7

My question has strong similarities with this one and this other one, but my dataset is a little bit different and I can't seem to make those solutions work. Please excuse me if I misunderstood something and this question is redundant.

I have a dataset such as this one:

df <- data.frame(
  id = c(1:5),
  conditionA = c(1, NA, NA, NA, 1),
  conditionB = c(NA, 1, NA, NA, NA),
  conditionC = c(NA, NA, 1, NA, NA),
  conditionD = c(NA, NA, NA, 1, NA)
  )
# id conditionA conditionB conditionC conditionD
# 1  1          1         NA         NA         NA
# 2  2         NA          1         NA         NA
# 3  3         NA         NA          1         NA
# 4  4         NA         NA         NA          1
# 5  5          1         NA         NA         NA

(Note that apart from these columns, I have a lot of other columns that shouldn't be affected by the current manipulation.)

So, I observe that conditionA, conditionB, conditionC and conditionD are mutually exclusives and should be better presented as a single categorical variable, i.e. factor, that should look like this :

#   id       type
# 1  1 conditionA
# 2  2 conditionB
# 3  3 conditionC
# 4  4 conditionD
# 5  5 conditionA

I have investigated using gather or unite from tidyr, but it doesn't correspond to this case (with unite, we lose the information from the variable name).

I tried using kimisc::coalescence.na, as suggested in the first referred answer, but 1. I need first to set a factor value based on the name for each column, 2. it doesn't work as expected, only including the first column :

library(kimisc)
# first, factor each condition with a specific label
df$conditionA <- df$conditionA %>%
  factor(levels = 1, labels = "conditionA")
df$conditionB <- df$conditionB %>%
  factor(levels = 1, labels = "conditionB")
df$conditionC <- df$conditionC %>%
  factor(levels = 1, labels = "conditionC")
df$conditionD <- df$conditionD %>%
  factor(levels = 1, labels = "conditionD")

# now coalesce.na to merge into a single variable
df$type <- coalesce.na(df$conditionA, df$conditionB, df$conditionC, df$conditionD)

df
#   id conditionA conditionB conditionC conditionD       type
# 1  1 conditionA       <NA>       <NA>       <NA> conditionA 
# 2  2       <NA> conditionB       <NA>       <NA>       <NA> 
# 3  3       <NA>       <NA> conditionC       <NA>       <NA> 
# 4  4       <NA>       <NA>       <NA> conditionD       <NA> 
# 5  5 conditionA       <NA>       <NA>       <NA> conditionA

I tried the other suggestions from the second question, but haven't found one that would bring me the expected result...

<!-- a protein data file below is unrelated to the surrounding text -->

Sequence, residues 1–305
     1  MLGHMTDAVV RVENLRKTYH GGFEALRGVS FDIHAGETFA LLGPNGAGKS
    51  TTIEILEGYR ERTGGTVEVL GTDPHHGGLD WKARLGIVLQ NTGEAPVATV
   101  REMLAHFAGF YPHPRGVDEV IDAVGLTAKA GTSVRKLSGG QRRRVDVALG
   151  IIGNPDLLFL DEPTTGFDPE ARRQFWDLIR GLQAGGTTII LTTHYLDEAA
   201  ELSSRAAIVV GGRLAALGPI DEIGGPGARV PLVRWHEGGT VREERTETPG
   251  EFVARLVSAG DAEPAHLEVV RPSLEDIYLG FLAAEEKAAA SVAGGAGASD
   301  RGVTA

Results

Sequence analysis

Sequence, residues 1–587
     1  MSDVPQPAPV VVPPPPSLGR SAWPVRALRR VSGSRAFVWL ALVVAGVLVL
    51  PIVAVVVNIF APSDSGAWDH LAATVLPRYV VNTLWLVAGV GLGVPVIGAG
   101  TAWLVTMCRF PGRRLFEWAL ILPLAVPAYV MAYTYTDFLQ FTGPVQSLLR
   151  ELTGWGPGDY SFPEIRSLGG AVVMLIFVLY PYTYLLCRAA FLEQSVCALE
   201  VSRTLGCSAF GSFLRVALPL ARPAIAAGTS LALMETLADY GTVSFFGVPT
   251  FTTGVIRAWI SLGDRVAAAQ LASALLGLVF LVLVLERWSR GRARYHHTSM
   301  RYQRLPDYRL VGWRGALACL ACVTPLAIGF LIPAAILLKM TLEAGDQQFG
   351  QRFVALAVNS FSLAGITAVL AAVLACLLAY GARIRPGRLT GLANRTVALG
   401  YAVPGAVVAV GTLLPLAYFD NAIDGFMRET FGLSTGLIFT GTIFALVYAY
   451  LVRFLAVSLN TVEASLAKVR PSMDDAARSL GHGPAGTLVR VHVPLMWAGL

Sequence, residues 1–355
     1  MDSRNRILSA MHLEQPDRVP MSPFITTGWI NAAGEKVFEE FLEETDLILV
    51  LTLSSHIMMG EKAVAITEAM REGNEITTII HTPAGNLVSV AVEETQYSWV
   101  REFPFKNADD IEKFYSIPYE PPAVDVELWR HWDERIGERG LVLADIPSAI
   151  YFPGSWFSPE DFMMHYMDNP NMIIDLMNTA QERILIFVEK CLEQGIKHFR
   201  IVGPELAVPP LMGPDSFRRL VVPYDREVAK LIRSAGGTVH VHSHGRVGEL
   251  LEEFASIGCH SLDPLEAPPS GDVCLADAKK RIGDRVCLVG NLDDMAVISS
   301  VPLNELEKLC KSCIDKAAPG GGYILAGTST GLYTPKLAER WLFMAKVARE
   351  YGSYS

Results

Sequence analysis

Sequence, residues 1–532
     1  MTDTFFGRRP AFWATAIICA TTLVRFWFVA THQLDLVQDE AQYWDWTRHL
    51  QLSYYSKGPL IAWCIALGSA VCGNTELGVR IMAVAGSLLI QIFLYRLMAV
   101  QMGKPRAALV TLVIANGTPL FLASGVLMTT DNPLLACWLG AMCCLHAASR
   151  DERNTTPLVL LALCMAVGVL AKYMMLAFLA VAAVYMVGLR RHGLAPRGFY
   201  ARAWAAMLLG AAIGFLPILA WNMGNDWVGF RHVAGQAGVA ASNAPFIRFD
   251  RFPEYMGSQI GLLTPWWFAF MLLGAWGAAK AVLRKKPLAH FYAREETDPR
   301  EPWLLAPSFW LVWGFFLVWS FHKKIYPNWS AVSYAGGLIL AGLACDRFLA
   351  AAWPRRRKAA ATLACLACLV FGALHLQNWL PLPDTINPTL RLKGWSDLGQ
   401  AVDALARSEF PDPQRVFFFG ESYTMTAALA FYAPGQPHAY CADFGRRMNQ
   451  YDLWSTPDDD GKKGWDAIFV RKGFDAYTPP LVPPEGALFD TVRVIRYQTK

• Encoding a dummy as NA/1 instead of 0/1 has no upside that I know of. I've been seeing this a lot on SO lately. – Frank May 19 '15 at 19:34
  • 1
    @Frank: Actually, it was not thought as a dummy variable (e.g. for regression): I manually entered all those data in Excel, putting a 1 each time a condition was satisfied (and didn't bother to fill the rest with 0). I'm not sure if I should call that a dummy variable (but that's the term I've been encountering)... – iNyar May 19 '15 at 20:28
4

You can also try:

colnames(df)[2:5][max.col(!is.na(df[,2:5]))]
#[1] "conditionA" "conditionB" "conditionC" "conditionD" "conditionA"

The above works if one and only one column has a value other than NA for each row. If the values of a row can be all NAs, then you can try:

mat<-!is.na(df[,2:5])
colnames(df)[2:5][max.col(mat)*(NA^!rowSums(mat))]
  • 1
    Pretty sure this is the most efficient. 4x as fast as Stephen's on big_df <- rbind(df,df); for (i in 1:18) big_df <- rbind(big_df,big_df) – Frank May 19 '15 at 20:29
  • 1
    It does work quite well, except that, if a row has <NA> in all four conditions, then this code gives it one of the four conditions (not always the same, I don't even understand well why), when it should rather leave the resulting value to <NA>. Is there a way to avoid that? – iNyar May 19 '15 at 22:27
7

Try:

library(dplyr)
library(tidyr)

df %>% gather(type, value, -id) %>% na.omit() %>% select(-value) %>% arrange(id)

Which gives:

#  id       type
#1  1 conditionA
#2  2 conditionB
#3  3 conditionC
#4  4 conditionD
#5  5 conditionA

Update

To handle the case you detailed in the comments, you could do the operation on the desired portion of the data frame and then left_join() the other columns:

df %>% 
  select(starts_with("condition"), id) %>% 
  gather(type, value, -id) %>% 
  na.omit() %>% 
  select(-value) %>% 
  left_join(., df %>% select(-starts_with("condition"))) %>%
  arrange(id)
  • Great! I hadn't thought about combining gather with na.omit to obtain this result! Now, I still have a big issue : the actual dataset has a LOT more columns, and a lot of them are partially empty. na.omit would then delete these observations, even though they DO have a condition set... (Also, in gather(type, value, -id), if I have to exclude (-x) something like 70 columns, is there a quick way to do it?) – iNyar May 19 '15 at 20:24
  • 1
    @SergeBibauw Would something like this work for you: df %>% select(starts_with("condition"), id) %>% gather(type, value, -id) %>% na.omit() %>% select(-value) %>% left_join(., df %>% select(-starts_with("condition"))) %>% arrange(id) ? – Steven Beaupré May 19 '15 at 22:27
  • Thanks! I indeed figured I needed to select only wanted columns, apply the gather etc. process, and then "reinject" the result into the original data frame. – iNyar May 20 '15 at 17:18
1
library(tidyr)
library(dplyr)

df <- df %>%
  gather(type, count, -id)
df <- df[complete.cases(df),][,-3]
df[order(df$id),]
   id       type
1   1 conditionA
7   2 conditionB
13  3 conditionC
19  4 conditionD
5   5 conditionA
  • 1
    A more dplyr-esque approach would be df %>% gather(type, value, -id) %>% na.omit() %>% select(-value) %>% arrange(id) – Steven Beaupré May 19 '15 at 18:57

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